What would you have done if—after having already given up on all esoteric (i.e., traditional) religions for good because of the obscurity of the meanings of their authoritative writings—you happened to recall that the esotericist Christians’ idea of paradise was a place where everything would finally be “clear, clear, clear, clear, clear”?
And what if—after having already come to the conclusion that all “prophets” (i.e., esotericists) are necessarily liars—you happened to notice that one of the ancient Jewish prophets (namely Zechariah, in 13:2-4) envisioned the “day of the Lord” as ushering in an age when there would be no more “prophesying”—and, moreover, that the reason for this would be that a “prophet” was actually someone who “spoke lies” and “deceived” people?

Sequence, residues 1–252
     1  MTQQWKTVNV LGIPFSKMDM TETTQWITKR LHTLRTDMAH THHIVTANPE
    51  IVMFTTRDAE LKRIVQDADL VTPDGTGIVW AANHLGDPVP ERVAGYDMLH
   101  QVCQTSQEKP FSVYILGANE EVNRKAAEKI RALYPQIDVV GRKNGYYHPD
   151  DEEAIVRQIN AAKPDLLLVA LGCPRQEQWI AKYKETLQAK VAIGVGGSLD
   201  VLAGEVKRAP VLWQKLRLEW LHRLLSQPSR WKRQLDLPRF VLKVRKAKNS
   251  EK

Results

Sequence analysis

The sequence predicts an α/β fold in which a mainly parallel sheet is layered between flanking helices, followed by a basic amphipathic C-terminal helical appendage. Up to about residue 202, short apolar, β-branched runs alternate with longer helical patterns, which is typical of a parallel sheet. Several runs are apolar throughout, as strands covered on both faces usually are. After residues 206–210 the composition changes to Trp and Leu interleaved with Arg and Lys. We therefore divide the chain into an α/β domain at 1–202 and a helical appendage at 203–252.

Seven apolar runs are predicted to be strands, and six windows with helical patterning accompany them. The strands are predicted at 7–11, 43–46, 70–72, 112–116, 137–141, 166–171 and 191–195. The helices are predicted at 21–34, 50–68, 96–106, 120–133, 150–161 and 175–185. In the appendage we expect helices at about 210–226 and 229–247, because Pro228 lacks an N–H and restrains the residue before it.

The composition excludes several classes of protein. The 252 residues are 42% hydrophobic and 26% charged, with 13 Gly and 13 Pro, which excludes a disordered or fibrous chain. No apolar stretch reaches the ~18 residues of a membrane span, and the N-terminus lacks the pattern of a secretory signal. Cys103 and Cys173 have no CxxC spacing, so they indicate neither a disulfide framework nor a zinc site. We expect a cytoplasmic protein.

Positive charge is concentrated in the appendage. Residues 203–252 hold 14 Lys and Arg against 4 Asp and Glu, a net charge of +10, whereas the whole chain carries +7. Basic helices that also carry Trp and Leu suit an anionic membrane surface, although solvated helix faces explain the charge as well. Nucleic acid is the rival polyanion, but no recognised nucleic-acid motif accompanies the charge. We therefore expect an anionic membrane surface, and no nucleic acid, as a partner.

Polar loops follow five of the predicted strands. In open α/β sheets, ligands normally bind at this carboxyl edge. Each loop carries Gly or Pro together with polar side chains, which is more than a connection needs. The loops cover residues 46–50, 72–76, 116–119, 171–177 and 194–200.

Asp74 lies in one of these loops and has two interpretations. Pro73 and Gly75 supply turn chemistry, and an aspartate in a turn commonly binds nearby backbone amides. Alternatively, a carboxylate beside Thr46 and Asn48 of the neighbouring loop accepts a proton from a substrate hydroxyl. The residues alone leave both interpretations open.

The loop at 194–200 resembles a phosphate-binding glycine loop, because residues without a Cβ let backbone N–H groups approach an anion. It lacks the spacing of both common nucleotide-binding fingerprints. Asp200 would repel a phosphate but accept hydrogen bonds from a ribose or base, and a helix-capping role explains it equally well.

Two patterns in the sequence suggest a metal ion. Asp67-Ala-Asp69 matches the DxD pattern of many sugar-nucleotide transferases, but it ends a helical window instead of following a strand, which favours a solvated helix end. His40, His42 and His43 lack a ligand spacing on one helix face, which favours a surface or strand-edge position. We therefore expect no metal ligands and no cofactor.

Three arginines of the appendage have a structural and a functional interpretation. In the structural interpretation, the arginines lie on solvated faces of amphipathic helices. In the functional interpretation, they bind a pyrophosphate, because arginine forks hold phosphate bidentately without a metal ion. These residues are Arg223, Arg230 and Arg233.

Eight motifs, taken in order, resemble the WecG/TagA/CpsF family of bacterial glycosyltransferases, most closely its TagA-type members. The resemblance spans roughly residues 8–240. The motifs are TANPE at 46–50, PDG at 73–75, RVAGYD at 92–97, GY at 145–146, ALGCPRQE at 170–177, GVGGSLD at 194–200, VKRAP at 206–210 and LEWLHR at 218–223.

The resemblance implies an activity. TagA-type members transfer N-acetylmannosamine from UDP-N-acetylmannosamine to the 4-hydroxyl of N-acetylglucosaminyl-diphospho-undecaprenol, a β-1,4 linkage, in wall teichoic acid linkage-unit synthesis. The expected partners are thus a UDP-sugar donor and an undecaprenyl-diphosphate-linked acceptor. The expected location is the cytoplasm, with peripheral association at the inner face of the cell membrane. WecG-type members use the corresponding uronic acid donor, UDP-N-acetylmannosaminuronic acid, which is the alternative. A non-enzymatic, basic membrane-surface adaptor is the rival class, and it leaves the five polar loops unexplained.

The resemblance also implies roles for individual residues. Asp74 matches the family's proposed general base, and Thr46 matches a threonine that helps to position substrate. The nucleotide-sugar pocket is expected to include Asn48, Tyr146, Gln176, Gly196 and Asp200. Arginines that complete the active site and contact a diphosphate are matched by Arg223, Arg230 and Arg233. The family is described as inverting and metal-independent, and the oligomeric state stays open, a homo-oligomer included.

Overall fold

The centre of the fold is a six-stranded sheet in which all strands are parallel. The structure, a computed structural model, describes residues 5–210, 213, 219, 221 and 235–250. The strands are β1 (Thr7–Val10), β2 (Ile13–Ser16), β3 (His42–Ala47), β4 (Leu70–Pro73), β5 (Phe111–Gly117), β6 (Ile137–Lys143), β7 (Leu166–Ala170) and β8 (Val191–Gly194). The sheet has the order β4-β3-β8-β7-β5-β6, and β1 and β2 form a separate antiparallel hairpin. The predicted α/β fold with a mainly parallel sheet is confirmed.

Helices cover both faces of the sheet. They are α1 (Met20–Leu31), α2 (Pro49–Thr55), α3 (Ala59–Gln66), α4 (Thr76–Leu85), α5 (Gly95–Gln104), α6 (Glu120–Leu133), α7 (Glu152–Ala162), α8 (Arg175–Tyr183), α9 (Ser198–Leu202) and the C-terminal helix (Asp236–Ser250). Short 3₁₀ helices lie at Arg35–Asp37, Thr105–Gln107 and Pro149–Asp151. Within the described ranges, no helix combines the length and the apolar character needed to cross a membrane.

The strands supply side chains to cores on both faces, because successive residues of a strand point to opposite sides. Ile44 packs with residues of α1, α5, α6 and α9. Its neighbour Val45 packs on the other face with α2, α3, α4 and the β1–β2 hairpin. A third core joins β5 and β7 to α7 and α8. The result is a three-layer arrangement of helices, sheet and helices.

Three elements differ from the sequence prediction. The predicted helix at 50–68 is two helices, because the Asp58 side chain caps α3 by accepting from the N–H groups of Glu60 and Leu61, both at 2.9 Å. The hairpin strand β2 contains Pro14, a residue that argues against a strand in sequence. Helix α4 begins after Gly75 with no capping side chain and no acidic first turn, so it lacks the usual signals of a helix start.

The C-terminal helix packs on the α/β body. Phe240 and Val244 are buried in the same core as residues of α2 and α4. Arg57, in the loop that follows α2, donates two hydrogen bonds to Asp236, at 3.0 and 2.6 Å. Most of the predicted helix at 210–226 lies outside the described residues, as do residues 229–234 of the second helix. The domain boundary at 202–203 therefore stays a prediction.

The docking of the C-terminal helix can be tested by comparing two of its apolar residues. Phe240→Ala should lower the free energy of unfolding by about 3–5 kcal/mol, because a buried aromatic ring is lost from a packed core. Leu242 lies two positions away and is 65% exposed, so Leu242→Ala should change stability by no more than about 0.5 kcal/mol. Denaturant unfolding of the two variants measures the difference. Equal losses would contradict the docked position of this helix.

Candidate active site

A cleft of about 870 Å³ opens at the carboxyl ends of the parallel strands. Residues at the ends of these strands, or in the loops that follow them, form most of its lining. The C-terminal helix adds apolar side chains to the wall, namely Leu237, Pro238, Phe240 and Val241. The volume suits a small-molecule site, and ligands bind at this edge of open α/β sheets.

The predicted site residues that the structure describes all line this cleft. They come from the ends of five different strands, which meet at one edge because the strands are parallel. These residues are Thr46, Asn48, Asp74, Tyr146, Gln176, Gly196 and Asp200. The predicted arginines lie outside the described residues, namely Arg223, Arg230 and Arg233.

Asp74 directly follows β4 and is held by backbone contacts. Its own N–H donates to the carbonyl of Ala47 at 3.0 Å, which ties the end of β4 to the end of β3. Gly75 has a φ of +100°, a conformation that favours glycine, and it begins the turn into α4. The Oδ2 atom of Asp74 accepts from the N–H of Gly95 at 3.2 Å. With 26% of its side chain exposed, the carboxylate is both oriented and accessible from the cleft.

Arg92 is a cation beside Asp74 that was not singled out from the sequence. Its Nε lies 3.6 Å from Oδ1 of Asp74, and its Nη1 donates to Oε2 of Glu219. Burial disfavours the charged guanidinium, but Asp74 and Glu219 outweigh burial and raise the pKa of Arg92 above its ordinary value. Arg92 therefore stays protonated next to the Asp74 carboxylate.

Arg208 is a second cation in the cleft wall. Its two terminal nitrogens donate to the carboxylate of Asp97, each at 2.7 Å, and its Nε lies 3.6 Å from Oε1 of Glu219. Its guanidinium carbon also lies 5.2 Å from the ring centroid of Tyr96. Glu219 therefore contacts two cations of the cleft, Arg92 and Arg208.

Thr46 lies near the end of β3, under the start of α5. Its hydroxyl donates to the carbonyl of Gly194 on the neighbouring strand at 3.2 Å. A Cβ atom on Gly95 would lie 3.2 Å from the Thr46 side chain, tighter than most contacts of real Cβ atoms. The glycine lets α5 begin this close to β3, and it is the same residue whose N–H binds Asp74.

That’s the position in which I found myself at one point. If you found yourself in that same position, would those “ironic coincidences” have sparked your curiosity at all?
Might they have raised the possibility in your mind that perhaps there was some unconscious “hidden message” contained in the Bible that the authors were passing along to the reader—even, to a large extent, in spite of themselves?